Legislators in Missouri will move in the next session to bring the state into line with most of the rest of the country by heightening the standard on expert witness testimony in civil trials.
A bill was pre-filed in the Missouri House of Representatives that would give judges more power to make an assessment of an expert’s scientific testimony and decide whether a jury should hear from the witness. It will effectively introduce the Daubert standard into courts in the state, and Rep. Kevin Corlew (R-Kansas City), who pre-filed HB 153, is confident it will become law, particularly following the election of a Republican governor.
Republican lawmakers want to move quickly after three jury verdicts this year against Johnson and Johnson over claims that its talc-based products caused ovarian cancer. Juries in St. Louis awarded the plaintiffs a total of $197 million.
Corlew said 40 states have a higher bar before allowing testimony from expert witnesses.
The bill “gives the judge the responsibility to be a gate keeper not only to determine whether the expert is qualified,” but also lays out the standard under which the testimony is allowed, that it is based on sufficient facts or data, and that it is the product of reliable principles and methods, he said.
A similar bill passed both the House and Senate earlier this year, but was vetoed by Democratic Gov. Jay Nixon.
“I expect the legislation to go through,” said Corlew, with his confidence boosted by the election of Eric Greitens as governor and Mike Parsons as lieutenant governor. Parsons was the lead sponsor in the state Senate of the bill this year.that Nixon vetoed.
The higher standard is needed, Corlew said, because a jury puts “a lot of stock” into what is said by someone presented to them as an expert but who may not be sufficiently in the facts, data and science. “Overall, we want to see fairness to corporations," he said, “but we do not want to be anti-plaintiff state.”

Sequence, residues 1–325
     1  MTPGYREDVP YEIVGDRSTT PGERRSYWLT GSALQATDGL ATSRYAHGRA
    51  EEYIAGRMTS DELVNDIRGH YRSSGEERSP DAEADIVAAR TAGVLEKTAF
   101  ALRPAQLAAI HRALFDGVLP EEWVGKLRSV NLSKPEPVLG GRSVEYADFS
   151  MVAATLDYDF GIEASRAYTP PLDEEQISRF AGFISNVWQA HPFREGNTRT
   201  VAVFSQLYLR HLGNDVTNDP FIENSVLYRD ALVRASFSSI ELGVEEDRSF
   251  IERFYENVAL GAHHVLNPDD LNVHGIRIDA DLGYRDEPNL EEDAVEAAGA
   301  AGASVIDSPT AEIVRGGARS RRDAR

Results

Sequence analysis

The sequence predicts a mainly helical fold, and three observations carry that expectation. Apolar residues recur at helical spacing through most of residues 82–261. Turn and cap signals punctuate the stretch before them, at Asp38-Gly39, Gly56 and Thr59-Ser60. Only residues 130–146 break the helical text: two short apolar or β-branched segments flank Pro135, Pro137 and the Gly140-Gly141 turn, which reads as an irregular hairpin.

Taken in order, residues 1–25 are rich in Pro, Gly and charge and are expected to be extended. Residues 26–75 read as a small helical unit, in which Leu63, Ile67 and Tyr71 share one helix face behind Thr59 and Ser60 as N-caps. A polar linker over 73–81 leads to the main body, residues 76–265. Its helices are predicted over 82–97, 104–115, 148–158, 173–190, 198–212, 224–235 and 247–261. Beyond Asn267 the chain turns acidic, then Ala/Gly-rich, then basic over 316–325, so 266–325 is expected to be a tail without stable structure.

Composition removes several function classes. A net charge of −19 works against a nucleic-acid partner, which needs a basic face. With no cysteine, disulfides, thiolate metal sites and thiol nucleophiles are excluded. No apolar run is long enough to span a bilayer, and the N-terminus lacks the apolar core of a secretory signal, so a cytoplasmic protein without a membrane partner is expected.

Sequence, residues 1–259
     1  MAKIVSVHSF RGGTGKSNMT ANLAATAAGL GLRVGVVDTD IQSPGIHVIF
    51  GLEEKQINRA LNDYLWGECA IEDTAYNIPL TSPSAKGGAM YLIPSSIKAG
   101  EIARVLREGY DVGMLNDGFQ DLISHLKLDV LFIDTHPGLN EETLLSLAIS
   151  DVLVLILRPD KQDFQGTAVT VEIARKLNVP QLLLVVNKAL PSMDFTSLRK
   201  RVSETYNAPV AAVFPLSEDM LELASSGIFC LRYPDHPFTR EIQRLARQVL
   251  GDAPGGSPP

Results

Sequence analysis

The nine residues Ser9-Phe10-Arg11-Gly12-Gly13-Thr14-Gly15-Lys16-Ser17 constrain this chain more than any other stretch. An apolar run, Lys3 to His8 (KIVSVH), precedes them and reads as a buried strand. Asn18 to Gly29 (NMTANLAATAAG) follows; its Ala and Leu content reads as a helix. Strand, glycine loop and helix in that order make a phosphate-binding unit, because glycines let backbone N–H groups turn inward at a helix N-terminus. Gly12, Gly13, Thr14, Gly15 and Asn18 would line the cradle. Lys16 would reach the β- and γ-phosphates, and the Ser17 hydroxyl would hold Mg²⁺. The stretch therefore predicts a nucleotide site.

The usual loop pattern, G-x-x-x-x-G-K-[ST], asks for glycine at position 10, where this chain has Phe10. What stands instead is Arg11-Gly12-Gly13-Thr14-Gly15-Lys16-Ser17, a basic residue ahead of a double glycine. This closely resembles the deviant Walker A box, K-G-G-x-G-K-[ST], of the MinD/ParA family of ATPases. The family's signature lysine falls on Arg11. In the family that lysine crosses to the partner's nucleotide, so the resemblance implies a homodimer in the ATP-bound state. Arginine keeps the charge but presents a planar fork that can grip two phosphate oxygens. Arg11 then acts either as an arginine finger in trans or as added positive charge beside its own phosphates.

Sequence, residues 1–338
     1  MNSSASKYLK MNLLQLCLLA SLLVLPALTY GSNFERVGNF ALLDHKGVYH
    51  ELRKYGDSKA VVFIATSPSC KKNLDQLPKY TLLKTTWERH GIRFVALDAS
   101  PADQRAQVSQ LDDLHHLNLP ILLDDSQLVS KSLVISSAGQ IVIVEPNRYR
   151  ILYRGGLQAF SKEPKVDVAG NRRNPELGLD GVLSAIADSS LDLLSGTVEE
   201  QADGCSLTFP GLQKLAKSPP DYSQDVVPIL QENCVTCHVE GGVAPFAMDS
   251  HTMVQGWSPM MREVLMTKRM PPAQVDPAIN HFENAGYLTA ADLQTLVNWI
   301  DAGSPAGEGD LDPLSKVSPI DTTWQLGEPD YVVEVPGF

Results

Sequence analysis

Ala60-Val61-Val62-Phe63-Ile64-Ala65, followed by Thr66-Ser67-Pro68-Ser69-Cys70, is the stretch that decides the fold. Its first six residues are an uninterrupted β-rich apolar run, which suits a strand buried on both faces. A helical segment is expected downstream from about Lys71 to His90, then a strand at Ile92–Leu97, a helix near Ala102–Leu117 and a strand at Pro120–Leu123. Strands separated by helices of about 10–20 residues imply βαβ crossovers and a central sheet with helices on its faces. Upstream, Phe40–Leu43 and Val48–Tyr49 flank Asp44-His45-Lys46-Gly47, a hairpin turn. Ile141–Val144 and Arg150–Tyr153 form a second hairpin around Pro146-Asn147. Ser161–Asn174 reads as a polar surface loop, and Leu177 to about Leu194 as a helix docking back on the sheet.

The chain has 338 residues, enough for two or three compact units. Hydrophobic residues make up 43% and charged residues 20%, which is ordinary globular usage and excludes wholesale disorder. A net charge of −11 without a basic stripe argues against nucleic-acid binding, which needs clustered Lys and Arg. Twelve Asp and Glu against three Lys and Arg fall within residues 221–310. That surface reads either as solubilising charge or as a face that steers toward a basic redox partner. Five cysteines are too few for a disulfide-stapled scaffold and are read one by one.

House Speaker Todd Richardson (R-Poplar Bluff) will support the legislation because he believes the trend developing in Missouri is disturbing. The state “has now become the number one destination for plaintiffs from all around the country who know their best chance to win an enormous verdict is right here in the Show-Me State. In fact, St. Louis was just named the No. 1 ‘judicial hellhole’ in the country and labeled as a magnet for product liability lawsuits and consumer class actions,” he told American Pharmacy News in a statement.
The “judicial hellhole” list is published by the American Tort Reform Foundation.
Missouri was also ranked in the Bottom 10 states (42nd out of 50) for lawsuit climate, according to a recent Harris Poll survey of corporate attorneys conducted for the U.S. Chamber Institute for Legal Reform.
“It’s clear we need to enact reforms that will put a stop to Missouri’s dubious distinction as the place to go for quick trials and big awards.” the speaker said.
He added that the legislature will look at a comprehensive tort reform package that will include expert witness standards to ensure verdicts are based on accurate facts and data, as well as collateral source reform to ensure plaintiffs are compensated for the actual cost of their medical payments.
“We will look at these and any other necessary reforms to ensure our legal system is fair to both plaintiffs and defendants, and to end our state’s reputation as a haven for frivolous lawsuits,” Richardson said.